- BSc, Telecommunications Engineering, University of Sevilla, 2006
- MSc, Electronics, Signal Processing and Communications, University of Sevilla, 2008
- PhD, Electronic and Electrical Engineering, University of Sevilla, 2011
Carlos comes from a Castilian family with a proud tradition in engineering. “My great grandfather counseled King Alfonso 13th to build the first line of Madrid’s metro at age 31, which is my age now. I am very honored that the current circumstances are empowering my family to make another contribution to our people.”
Carlos S. Mendoza earned his doctoral degree in May 2011, after conducting research in segmentation of computed-tomography images for surgical planning, in shape analysis for retrieval of bone allografts with application to allotransplantation surgery, and in texture characterization of dermoscopic images for computer-assisted diagnosis of malignant melanoma. During his doctoral studies, Carlos spent nine months at the Surgical Planning Lab and the Applied Chest Imaging Lab – Brigham and Women’s Hospital, Harvard Medical School. His research at the Brigham included the development of a novel methodology for fully automatic assessment of pulmonary emphysema in COPD patients, resulting in the discovery of new genetic factors and epidemiologic traits in COPD.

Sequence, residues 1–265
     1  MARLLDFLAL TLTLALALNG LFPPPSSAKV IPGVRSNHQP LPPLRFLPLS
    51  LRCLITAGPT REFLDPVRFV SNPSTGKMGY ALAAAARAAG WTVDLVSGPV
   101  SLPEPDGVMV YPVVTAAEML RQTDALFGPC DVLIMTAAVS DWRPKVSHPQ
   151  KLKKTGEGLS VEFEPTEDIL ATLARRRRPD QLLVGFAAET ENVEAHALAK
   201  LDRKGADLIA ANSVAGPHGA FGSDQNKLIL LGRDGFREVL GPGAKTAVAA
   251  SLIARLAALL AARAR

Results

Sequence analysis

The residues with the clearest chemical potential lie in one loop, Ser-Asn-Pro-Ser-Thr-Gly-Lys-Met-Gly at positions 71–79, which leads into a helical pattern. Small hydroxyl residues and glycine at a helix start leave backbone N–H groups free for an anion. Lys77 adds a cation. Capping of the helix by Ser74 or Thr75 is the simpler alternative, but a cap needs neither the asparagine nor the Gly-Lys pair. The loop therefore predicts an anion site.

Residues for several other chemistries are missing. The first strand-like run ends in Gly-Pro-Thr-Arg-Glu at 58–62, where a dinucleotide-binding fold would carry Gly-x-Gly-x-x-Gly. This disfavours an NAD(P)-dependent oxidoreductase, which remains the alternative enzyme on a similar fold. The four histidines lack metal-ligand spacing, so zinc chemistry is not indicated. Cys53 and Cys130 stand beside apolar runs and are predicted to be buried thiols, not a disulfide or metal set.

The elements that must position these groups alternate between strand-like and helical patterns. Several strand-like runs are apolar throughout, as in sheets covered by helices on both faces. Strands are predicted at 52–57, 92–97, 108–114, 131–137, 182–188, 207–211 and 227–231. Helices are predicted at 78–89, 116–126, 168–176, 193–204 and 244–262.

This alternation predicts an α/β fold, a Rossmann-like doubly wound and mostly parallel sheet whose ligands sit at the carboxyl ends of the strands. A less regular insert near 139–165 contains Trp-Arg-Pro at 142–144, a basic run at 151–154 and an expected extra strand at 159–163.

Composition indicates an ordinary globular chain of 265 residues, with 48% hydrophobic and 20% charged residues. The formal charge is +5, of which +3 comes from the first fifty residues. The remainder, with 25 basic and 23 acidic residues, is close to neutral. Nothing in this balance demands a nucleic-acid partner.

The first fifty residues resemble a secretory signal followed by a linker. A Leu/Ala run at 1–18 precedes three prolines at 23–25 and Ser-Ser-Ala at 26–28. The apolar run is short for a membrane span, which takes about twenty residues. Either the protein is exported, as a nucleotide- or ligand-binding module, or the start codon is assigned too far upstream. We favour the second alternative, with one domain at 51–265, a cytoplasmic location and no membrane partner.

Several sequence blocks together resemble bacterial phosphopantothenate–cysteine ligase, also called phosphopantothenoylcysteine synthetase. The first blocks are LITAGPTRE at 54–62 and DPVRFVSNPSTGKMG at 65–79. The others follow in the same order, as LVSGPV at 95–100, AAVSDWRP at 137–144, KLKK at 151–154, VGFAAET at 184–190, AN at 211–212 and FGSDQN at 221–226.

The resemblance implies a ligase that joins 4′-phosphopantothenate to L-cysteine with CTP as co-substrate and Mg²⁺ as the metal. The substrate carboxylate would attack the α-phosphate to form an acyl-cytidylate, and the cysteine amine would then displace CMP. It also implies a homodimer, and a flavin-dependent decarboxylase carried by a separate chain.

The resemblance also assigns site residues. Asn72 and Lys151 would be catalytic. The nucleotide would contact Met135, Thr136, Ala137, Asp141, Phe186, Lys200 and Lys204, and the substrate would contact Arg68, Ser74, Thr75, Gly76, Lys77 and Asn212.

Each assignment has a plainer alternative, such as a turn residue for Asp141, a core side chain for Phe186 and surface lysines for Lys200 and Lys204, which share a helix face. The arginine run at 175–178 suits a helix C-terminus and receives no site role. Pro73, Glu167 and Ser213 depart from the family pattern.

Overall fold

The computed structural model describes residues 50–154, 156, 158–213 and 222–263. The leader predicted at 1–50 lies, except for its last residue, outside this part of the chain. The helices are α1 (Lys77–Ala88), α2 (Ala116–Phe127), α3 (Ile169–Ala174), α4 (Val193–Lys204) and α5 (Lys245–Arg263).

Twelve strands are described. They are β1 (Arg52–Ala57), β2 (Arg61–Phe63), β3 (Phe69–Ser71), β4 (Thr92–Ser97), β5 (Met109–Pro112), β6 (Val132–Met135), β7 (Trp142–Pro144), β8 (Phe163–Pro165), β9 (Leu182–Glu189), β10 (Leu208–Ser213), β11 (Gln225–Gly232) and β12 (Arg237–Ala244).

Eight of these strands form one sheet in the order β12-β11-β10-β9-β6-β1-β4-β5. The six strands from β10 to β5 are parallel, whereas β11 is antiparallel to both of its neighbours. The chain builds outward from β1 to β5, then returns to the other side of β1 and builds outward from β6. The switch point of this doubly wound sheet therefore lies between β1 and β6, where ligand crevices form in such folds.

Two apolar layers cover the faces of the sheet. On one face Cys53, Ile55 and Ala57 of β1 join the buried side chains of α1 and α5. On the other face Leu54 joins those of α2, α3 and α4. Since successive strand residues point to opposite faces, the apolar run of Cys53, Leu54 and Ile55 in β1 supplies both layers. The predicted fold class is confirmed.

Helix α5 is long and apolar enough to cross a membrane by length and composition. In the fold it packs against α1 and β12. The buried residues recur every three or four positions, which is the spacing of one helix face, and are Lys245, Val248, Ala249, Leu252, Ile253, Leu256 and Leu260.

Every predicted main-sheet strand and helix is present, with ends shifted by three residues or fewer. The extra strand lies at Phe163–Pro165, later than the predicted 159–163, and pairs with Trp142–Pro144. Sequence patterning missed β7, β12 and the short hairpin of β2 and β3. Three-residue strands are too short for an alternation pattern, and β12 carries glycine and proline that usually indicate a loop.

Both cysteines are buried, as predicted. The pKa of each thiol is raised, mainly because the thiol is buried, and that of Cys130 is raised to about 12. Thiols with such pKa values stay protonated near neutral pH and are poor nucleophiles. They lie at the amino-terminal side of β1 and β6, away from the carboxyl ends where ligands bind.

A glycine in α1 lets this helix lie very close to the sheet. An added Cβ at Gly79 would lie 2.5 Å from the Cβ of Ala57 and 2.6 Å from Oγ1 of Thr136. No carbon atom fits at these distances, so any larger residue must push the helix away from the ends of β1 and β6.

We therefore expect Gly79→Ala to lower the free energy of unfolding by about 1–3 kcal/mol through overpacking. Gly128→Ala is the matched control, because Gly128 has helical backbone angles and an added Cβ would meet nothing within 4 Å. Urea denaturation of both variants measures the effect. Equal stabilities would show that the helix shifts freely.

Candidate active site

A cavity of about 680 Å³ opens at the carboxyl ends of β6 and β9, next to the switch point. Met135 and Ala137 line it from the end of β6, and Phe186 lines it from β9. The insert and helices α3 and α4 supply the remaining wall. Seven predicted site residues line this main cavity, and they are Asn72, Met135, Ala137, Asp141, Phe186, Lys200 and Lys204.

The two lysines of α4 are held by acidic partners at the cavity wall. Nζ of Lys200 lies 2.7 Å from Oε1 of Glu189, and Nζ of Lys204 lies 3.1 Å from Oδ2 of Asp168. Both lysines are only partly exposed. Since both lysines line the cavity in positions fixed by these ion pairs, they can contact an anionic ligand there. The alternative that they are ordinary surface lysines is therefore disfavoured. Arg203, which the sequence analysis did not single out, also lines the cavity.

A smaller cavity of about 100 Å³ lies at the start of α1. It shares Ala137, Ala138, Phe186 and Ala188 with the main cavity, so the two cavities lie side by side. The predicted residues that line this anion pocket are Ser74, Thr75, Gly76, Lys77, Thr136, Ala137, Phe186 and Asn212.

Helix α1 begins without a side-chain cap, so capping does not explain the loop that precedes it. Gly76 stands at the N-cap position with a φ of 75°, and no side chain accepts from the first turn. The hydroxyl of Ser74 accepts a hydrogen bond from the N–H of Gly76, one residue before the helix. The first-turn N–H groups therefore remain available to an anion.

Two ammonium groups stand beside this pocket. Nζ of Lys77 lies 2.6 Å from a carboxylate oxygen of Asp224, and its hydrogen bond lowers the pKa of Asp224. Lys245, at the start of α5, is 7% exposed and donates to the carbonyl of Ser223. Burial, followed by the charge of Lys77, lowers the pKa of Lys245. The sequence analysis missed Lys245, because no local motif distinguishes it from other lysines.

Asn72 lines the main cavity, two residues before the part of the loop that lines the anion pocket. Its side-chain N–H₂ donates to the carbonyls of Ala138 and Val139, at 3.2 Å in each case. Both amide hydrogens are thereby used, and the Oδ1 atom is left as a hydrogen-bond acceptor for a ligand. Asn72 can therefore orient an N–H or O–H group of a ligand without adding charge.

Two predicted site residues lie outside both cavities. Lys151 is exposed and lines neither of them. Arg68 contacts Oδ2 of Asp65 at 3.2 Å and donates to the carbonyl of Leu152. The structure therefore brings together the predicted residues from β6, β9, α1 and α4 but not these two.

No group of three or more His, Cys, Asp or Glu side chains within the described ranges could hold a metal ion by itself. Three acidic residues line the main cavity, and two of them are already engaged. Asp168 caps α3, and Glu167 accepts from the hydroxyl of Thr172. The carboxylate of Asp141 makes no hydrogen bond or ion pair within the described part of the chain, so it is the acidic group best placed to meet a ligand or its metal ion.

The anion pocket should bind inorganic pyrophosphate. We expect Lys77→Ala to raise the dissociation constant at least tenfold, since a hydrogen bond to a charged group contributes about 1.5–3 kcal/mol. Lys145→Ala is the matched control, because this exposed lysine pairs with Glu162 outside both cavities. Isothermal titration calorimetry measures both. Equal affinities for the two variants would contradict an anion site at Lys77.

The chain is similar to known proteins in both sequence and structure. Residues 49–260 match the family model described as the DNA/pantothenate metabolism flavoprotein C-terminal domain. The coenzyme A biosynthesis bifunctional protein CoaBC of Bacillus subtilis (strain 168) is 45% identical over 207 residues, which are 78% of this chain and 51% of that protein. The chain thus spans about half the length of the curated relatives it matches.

His PhD thesis title was “Image Processing in Medicine – Advances for Phenotype Characterization, Computer-Assisted Diagnosis and Surgical Planning”. Between January 2012 and February 2013, Carlos held a Postdoctoral Fellowship at Sheikh Zayed Institute for Pediatric Surgical Innovation – Children’s National Medical Center (Washington DC, USA). His research at Children’s included automatic assessment of cranial dysmorphology in young infants using statistical shape models, and computer-assisted diagnosis of renal pathologies from the automatic segmentation of renal structures in echographic images.
As an M+Visión Fellow, Carlos wants to focus on the translational aspects of biomedical image computing. “I’m interested in using statistical methods to characterize human anatomy and geometry; using artificial intelligence to distinguish good movement from pathological movement.”
Of the Fellowship experience so far, Carlos said that he “didn’t expect … to be given that degree of independence to do whatever you want with your project with whatever combination of research teams and locations.”